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Merovingian Military Organization, 481-751

Merovingian Military Organization, 481-751

BERNARD S. BACHRACH
Copyright Date: 1972
Edition: NED - New edition
Pages: 172
https://www.jstor.org/stable/10.5749/j.ctttt41d
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  • Book Info
    Merovingian Military Organization, 481-751
    Book Description:

    In the area which is now France and was then Gaul, military institutions fundamentally influenced the successes and failures of the Merovingian dynasty, from 481 to 751. Professor Bachrach examines this period in detail, studying the forms of military organization and their relation to political power. Various aspects of the subject are controversial among scholars specializing in early medieval history, yet this is the first book-length study on the subject to be published. For a hundred years scholars have equated the military institutions of Merovingian Gaul with the customs of the Franks, a minority of the population who were rapidly acculturated. Professor Bachrach’s study shows the heterogeneous nature of Merovingian military organization, composed of many institutions drawn from non-Frankish people especially from the remains of the Roman Empire. By dealing with all of the significant sources he demonstrates that there was frequent change in the military insititutions rather than revolutionary change. The fluid nature of the military organization also is seen to have had profound effects upon the exercise of political power. Probably the most significant finding of the study is that Merovingian military organization, like much else in Merovingian Gaul, resembled Romania far more than Germania.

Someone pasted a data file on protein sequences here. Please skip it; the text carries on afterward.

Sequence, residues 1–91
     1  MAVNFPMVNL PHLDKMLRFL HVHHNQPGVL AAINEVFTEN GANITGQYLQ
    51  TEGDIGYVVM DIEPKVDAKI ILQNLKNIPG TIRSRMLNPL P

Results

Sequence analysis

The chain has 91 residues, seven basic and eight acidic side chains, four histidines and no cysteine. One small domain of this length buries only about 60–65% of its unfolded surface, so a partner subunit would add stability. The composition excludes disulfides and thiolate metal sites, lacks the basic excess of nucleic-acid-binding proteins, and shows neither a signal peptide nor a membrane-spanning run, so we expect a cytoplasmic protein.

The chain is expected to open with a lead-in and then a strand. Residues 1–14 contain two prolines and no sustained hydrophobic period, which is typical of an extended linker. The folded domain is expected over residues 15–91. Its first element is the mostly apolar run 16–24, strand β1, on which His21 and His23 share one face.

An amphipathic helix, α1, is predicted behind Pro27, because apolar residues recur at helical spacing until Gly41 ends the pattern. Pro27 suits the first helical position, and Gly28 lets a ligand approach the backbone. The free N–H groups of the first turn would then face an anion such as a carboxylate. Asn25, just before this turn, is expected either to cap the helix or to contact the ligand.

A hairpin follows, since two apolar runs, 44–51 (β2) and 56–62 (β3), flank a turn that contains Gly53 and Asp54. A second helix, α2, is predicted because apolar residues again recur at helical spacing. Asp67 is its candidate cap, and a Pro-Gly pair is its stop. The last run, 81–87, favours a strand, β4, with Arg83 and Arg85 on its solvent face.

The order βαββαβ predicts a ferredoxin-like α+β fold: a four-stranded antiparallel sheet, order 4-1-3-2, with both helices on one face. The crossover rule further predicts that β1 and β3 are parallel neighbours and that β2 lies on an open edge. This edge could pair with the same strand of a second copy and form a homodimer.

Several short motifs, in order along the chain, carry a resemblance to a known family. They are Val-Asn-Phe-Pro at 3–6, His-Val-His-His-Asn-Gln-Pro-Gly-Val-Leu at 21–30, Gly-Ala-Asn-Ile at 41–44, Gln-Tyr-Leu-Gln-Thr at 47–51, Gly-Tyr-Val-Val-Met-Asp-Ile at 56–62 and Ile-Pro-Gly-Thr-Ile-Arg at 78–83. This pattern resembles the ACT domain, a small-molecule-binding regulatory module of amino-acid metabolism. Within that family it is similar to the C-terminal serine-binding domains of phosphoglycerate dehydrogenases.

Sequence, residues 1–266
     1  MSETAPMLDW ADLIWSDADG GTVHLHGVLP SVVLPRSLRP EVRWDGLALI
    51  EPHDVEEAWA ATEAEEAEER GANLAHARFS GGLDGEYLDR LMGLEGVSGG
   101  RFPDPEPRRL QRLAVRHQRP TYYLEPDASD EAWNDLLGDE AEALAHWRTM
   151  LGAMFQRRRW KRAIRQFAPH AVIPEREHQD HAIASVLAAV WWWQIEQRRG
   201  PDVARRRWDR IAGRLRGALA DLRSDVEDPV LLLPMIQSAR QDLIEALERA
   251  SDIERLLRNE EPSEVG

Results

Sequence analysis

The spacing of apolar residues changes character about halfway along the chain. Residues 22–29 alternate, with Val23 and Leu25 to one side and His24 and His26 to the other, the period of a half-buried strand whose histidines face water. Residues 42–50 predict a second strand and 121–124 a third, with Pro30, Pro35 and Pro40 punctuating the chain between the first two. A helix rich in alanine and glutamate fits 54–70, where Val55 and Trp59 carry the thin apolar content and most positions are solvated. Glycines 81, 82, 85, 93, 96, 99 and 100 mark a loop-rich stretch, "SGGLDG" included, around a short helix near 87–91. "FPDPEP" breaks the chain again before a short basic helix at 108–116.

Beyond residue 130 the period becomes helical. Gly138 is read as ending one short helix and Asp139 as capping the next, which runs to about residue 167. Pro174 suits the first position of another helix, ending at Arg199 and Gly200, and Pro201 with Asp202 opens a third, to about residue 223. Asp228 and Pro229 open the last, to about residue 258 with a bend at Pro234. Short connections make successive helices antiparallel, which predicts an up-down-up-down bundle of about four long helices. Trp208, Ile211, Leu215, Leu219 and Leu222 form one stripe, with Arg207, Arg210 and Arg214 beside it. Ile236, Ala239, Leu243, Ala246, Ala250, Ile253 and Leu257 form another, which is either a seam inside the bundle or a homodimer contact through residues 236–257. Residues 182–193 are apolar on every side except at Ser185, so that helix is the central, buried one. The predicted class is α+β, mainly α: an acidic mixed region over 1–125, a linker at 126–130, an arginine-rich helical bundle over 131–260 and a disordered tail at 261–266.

eISBN: 978-0-8166-6127-5
    Subjects: History

Table of Contents

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  1. Front Matter
    (pp. i-viii)
  2. Table of Contents
    (pp. ix-2)
  3. CHAPTER I Clovis: 481–511
    (pp. 3-17)